Scrivener for language learning

I’ve not seen any posts on using Scrivener as a tool for language learning. I’ve been doing this now for a few months and found it really useful, so I thought I’d describe the (simple) method I use in case anybody else finds it helpful (or in case there are improvements I could use).

I’m learning Latin using Lingua Per Se Illustrata, which is an beginners textbook entirely in Latin. It’s possible to buy a CD of the course, which includes both written and audio versions of the text, in a dedicated program which only runs on Windows, which is why I don’t use it (quite apart from the fact that the program is fairly old and clunky now).

First of all, I had to convert the text to pdf format (it’s in jpg on the CD), then I imported both the pdfs and the mp3s to Scrivener. (By the way, I do own the CD - no laws were harmed in the making of this post…) So now, as I work through the textbook, my workflow is…

  • Read through the chapter text aloud twice. [Single document window]

  • Listen to the mp3, transcribing the Latin (into Latin). [Horizontally split window, mp3 in the top, text document below, with the focus on the lower window and using the Cmd-Enter shortcut key to start and stop the audio. I use the automatic rewinding facility, so I always hear the previous 3 seconds.]

  • Complete the questions at the end of the Chapter. [Horizontally split window, pdf in the top, text document below, focus on the lower window and paging up and down through the pdf using the Ctrl-Opt-Cmd-Up and Ctrl-Opt-Cmd-Down shortcuts. I also have the pdf in a separate Quicklook window for reference.]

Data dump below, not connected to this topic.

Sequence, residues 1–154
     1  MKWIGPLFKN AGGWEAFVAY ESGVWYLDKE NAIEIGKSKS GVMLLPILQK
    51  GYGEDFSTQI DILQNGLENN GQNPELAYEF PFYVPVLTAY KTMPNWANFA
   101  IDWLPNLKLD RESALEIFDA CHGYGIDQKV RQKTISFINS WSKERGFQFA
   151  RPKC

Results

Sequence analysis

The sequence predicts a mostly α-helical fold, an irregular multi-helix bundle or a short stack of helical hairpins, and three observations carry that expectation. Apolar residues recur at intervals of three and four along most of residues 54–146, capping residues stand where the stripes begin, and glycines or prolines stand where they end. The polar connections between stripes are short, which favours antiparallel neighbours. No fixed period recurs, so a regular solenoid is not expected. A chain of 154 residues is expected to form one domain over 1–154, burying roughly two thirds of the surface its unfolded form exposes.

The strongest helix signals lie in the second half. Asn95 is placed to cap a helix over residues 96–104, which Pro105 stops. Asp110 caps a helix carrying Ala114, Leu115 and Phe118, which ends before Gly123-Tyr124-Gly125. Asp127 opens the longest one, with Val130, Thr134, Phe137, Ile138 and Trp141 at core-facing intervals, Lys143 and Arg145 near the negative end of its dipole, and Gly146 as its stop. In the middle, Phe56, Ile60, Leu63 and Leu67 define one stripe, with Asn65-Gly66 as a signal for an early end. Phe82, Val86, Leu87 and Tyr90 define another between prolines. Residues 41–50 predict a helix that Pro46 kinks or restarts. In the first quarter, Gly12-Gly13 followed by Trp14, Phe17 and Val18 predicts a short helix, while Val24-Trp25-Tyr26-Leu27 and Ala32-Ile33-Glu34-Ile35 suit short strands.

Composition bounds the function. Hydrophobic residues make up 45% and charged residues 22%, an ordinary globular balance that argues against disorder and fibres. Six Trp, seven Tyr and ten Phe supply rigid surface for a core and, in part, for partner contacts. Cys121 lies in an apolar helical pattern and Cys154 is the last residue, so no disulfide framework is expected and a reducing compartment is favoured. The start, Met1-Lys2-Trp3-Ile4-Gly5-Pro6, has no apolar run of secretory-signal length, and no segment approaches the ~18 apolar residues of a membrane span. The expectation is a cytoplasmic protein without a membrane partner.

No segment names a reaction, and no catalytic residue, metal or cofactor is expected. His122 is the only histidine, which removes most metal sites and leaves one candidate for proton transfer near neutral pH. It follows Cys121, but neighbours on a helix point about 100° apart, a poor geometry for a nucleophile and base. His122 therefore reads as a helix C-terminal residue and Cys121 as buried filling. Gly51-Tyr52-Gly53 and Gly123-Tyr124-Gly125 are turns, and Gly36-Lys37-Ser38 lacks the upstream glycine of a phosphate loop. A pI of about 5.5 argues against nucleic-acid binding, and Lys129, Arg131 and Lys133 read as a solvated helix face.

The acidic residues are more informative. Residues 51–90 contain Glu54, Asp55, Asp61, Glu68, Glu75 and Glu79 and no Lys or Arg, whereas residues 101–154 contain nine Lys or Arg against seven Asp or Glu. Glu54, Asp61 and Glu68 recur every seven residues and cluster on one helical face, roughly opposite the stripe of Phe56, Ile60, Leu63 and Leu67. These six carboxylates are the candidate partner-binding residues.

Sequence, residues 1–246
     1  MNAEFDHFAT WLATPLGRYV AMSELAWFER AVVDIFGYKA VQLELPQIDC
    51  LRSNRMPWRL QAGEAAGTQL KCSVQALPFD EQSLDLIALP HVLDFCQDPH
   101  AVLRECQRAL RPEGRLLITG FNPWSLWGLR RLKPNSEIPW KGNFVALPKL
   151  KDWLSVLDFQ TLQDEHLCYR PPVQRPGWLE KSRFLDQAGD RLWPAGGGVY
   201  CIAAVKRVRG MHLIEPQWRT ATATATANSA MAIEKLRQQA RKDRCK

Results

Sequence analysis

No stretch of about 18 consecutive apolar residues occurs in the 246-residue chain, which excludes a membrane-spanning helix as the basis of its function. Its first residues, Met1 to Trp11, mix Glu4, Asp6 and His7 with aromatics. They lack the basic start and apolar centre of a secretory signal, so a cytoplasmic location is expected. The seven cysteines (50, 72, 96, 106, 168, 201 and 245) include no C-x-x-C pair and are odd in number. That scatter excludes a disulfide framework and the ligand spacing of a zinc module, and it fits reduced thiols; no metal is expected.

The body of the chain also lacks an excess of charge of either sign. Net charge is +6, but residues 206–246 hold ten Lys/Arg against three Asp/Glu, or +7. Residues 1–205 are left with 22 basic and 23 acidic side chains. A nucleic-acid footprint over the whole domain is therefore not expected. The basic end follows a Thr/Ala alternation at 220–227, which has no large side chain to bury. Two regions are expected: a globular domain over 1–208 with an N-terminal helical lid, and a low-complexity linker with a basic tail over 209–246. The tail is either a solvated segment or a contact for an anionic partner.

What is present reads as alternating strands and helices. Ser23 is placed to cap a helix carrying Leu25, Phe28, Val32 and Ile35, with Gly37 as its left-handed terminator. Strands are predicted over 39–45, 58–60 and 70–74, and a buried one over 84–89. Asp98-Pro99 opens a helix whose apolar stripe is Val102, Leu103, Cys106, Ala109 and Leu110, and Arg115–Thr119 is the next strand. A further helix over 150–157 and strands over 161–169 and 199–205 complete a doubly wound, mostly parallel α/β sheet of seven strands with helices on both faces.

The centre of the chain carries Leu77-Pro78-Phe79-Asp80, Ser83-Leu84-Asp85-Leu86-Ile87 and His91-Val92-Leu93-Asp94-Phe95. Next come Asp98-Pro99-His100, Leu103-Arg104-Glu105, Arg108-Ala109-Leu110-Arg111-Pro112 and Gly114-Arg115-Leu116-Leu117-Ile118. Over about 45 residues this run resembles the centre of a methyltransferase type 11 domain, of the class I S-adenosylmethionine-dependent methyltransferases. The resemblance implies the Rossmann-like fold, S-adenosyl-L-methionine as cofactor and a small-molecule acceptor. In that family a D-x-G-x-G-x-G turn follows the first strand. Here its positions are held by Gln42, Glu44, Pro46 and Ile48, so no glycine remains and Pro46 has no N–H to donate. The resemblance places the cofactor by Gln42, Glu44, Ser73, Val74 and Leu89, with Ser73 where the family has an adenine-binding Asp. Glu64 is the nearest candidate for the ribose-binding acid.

I use other programs for vocabulary (Keep Your Word) and grammar notes (DevonThink). The workflow above is made easier by having both the written and audio text already provided, but I’ve found the step of transcribing the Latin so useful that in future, if the audio isn’t already there, I intend to record it myself.

That’s it - nothing revelatory but I think it shows Scrivener’s flexibility that I could adapt the basic functionality so easily into something which really helps me.



Thanks for sharing this. I teach Latin and am currently writing a text supplement using Scrivener and OmniOutliner. I am quite familiar with Lingva Latina and consider it one of the best. My district, however, just bought a different series. I am always looking for new methods of teaching / learning Latin. Nice to hear that this is working so well for you.

Interesting to read. And indeed, Scrivener can be used for many things!

Another app I often use for learning is the free app Anki: A combination with Anki for iPhone/iPad/iTouch (via iTune) will make it even more useful. Anki for iPhone is not for free, but very good, and very portable…

Kind regards.


I’m currently using Mental Case which can also use cards from the Flashcard Exchange. The desktop app is Mac only ($20 plus a free cent), and there are iPhone and iPad apps which work together well.

If uses a set of schedules to repeat words at various intervals (and repeated more frequently if you get the word wrong).



I practice with native people and I learn the Spanish language. But I did not know of any of these alternatives that I’m going to try, I like Spanish because other languages come out in common. lslanguages